Exchange theory is both spot-on and unfeeling. Its basic tenets are clear in the name: our behaviors are guided by a kind of exchange. We gauge the costs and rewards of something and act accordingly. Are the benefits greater than the costs? Great, then I’ll do it. Hard to argue with this theory. Another aspect of it has to do with alternatives. That is to say; do you have any? If you are living in a small, closed society, surrounded by people who know the intimates of your life, it’s unlikely that when discouraged by the course of your relationship that you’ll consider straying. First, the costs probably outweigh the rewards (you are likely to be caught) and there is a dearth of alternatives in your closed off world. Where are you going to go when everyone knows your name?
However, imagine the opposite of that small community. Imagine the communities of today with the anonymity that exists in modern life. Now, add to that the internet and the ability to reach out to zillions and, well, the likelihood of straying just increased since 1) the costs are limited since your secret is easy to keep in an open society and 2) the alternatives are falling at your feet.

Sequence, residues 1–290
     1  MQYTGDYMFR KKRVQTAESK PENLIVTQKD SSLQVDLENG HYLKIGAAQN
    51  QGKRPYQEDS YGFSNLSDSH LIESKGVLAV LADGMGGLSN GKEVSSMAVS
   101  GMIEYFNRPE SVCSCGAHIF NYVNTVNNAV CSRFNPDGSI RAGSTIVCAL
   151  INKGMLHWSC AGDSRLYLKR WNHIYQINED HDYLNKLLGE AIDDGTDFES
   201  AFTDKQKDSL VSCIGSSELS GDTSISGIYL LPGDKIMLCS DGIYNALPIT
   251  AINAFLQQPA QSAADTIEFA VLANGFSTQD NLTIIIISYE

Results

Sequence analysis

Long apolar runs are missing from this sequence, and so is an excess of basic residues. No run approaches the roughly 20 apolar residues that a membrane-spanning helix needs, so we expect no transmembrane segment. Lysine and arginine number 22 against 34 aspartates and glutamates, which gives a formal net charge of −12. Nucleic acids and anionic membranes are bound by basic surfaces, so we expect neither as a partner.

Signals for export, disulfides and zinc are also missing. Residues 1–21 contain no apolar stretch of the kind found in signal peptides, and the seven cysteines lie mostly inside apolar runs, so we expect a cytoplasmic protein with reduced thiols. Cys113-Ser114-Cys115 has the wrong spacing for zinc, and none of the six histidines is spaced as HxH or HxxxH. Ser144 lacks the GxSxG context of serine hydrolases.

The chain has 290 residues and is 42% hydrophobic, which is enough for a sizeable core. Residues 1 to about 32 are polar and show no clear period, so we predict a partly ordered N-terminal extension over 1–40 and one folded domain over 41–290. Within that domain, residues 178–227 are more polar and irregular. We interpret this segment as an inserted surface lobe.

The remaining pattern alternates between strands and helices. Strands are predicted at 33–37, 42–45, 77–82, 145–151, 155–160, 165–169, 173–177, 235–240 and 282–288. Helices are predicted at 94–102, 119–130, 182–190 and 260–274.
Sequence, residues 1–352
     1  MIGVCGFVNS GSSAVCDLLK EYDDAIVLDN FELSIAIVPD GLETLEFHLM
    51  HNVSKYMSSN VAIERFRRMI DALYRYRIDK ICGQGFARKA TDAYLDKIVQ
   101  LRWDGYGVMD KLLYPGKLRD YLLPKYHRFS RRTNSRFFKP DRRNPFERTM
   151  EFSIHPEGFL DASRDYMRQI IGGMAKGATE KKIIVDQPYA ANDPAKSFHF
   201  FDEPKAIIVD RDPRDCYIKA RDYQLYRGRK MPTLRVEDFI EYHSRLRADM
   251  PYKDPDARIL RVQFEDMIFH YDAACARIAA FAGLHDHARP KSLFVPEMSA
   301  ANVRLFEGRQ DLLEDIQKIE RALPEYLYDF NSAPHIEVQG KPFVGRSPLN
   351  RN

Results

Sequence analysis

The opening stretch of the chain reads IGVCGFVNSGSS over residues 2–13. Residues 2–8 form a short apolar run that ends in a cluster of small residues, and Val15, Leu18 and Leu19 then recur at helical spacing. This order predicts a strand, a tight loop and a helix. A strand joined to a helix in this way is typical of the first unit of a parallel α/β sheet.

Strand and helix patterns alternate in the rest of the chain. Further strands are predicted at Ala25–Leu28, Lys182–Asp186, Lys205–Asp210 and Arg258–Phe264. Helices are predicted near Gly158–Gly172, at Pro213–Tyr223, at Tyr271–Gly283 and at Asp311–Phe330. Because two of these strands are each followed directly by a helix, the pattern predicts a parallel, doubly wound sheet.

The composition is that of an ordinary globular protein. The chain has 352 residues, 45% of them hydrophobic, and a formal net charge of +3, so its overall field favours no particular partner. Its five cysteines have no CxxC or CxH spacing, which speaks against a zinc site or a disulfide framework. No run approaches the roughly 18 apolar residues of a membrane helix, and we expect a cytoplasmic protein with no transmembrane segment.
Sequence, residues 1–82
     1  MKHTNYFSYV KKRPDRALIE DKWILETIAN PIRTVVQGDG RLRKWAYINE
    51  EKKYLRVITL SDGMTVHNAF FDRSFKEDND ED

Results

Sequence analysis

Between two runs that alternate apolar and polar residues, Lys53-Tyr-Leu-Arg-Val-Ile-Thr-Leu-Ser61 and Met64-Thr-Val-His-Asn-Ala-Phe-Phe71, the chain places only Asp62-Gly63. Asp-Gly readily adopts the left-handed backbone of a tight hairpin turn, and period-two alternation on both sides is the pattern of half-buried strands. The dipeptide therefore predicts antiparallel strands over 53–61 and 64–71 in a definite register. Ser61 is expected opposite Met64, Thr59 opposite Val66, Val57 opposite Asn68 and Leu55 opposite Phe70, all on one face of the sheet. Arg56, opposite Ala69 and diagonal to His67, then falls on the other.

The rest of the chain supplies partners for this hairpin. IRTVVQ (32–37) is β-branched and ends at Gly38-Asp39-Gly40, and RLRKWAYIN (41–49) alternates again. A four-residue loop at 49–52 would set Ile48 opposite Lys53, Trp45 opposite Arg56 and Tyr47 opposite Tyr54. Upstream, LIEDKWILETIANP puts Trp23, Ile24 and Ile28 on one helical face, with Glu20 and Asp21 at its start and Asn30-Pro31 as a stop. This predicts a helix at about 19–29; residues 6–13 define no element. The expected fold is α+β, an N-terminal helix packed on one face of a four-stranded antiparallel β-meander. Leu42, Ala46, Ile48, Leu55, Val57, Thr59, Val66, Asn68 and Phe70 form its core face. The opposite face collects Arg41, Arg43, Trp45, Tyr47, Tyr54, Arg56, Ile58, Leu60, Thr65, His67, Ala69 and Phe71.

Exchange theory can guide your reading of Webdultery, the 2010 film by Charles Wahl. Like so many other films this one tells the tale of the modern couple who have grown bored with one another. Together since they were young, their sex life has dwindled and their commonalities are focused almost exclusively raising their son. Each finds a “chat room buddy.” There’s no guilt initially since, after all, they are “only talking.”
This article first appeared in the Summer 2013 issue of TILT Magazine ~ Therapeutic Innovations in Light of Technology.
Click here to read the entire PDF version of the Webdultery: The Costs and Rewards of Internet “Cheating” article.
Jean-Anne Sutherland is assistant professor of sociology at University of North Carolina, Wilmington, USA, with one of her research focuses being the study of sociology through film.
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